As for your waist size, most backpacks have adjustable hip belts so finding your precise hip size is not as important as determining your torso length. Just make sure the belt sits on top of your hips, with about an inch above and below the belly button.
How much should I spend on a Hiking backpack
You'll find backpacks ranging from under $100 to as high as $600. Unless you have an unlimited budget and want the latest model just because, it isn't necessary to spend more than $300. With that being said, I would also stay away from anything under $150 as they will be lacking on essential features like a suspension system or a padded hip belt. Buying a backpack is an investment, and the last thing you want is for the seams to rip or a shoulder strap to tear off when you need it most. Just make sure your backpack has, at a minimum, the above features and fits comfortably.
The Best Backpack Brands
There are hundreds of great brands out there with an equally daunting number of styles and models. I'm not really the authority on which brand is better than the next. I can only tell you the brands I prefer and those whose quality I have confidence in. I've been using the same Osprey backpack since 2004, and my wife has been using a Gregory for nearly as long. I can honestly say, that after relentless airline abuse, backcountry trips, and overseas adventures, not a single strap, zipper or clip has ever needed replacement. Worth mentioning as well, Osprey and Gregory offer lifetime warranties on all their bags. You'll probably never need it, but it's great to know that the company stands behind their products.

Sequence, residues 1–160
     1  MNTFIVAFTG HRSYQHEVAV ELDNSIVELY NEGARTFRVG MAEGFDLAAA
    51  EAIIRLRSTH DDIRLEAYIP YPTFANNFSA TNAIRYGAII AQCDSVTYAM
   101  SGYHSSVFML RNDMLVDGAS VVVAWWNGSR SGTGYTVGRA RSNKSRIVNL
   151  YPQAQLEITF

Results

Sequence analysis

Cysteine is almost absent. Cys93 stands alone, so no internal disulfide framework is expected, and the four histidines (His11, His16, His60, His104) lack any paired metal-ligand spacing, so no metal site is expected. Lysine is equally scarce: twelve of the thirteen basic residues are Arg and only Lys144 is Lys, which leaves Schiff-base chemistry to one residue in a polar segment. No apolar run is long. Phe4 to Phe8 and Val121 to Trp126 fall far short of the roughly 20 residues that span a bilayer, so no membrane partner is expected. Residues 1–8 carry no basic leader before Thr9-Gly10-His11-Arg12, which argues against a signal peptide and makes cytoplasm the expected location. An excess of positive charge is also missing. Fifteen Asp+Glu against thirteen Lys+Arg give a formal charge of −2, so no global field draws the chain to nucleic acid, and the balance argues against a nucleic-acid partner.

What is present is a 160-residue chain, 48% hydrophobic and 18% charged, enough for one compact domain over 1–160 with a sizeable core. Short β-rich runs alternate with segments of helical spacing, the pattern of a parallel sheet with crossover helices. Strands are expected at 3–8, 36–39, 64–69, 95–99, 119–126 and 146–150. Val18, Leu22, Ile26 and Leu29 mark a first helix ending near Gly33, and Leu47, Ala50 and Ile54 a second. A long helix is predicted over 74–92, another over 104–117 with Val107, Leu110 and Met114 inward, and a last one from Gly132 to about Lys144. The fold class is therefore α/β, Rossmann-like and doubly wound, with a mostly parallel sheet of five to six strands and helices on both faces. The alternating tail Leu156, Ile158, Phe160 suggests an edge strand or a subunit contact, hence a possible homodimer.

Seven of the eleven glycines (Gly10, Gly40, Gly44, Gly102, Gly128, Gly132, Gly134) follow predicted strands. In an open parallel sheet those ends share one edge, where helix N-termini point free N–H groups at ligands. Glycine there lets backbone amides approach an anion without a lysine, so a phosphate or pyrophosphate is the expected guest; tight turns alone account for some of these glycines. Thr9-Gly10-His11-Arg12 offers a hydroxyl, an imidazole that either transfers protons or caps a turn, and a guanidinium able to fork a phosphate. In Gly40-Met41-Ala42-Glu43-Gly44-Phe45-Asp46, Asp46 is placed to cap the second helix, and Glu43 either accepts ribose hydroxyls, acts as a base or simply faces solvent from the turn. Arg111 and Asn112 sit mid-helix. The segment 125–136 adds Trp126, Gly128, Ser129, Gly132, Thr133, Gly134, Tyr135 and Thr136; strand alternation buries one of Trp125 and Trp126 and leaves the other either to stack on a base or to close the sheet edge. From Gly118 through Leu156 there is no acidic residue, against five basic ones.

With 40 years experience manufacturing backpacks, and a lifetime warranty, Osprey exudes quality. They have one of the largest selections of styles and sizes for all sorts of adventuring, and their packs sport the latest backpacking technology. Osprey is my personal favorite and go to brand of choice; you really can't go wrong with these guys.
Like Osprey, these guys specialize in backpacks. My wife will attest to their quality and comfort. She has used her backpack for close to 10 years without a need to ever repair or replace. Gregory also stands behind their products with a lifetime warranty.
The North Face
Originating in San Francisco, The North Face has been developing adventure gear for over 40 years. I've never had the pleasure of using their backpacks, but with their pedigree and lifetime warranty, I would feel confidant carrying their packs any day of the week.
Along with having a really cool name, Arc'teryx pumps out some pretty awesome products. They are one of the more expensive brands out there, but if you're willing to pay the price, you'll most certainly get the quality
A low to mid range brand, Deuter is a solid choice if you want function for a reasonable price. They've been in the backpacking game since 1968 and are very popular amongst Europeans.
Rain Cover (separate or built in)
Most backpacks are water resistant but not waterproof, making them susceptible to persistent rain exposure. It's a worthwhile addition if your backpack doesn't already come with a built in rain cover. You needn't get a fancy one or spend a lot of money, just make sure it fits your pack size. I use REI's Ducks Back Rain Cover, and it works perfectly fine.
The last thing you want is to have your backpack damaged before you even start your trip. With all the straps, exposed shoulder, and hipbelt, it's easy for something to get caught and tear right off. An Airporter bag will cover your entire backpack (think bag within a bag) and protect it during transport. As well, you can put a lock on the lockable zippers as an extra layer of theft deterrence. I have the Osprey Airporter LZ. I wish it was lighter (weighs about 1lb) but I suppose it's worth it for the extra peace of mind.
Well, there you have it, my “how to buy an awesome hiking backpack” guide.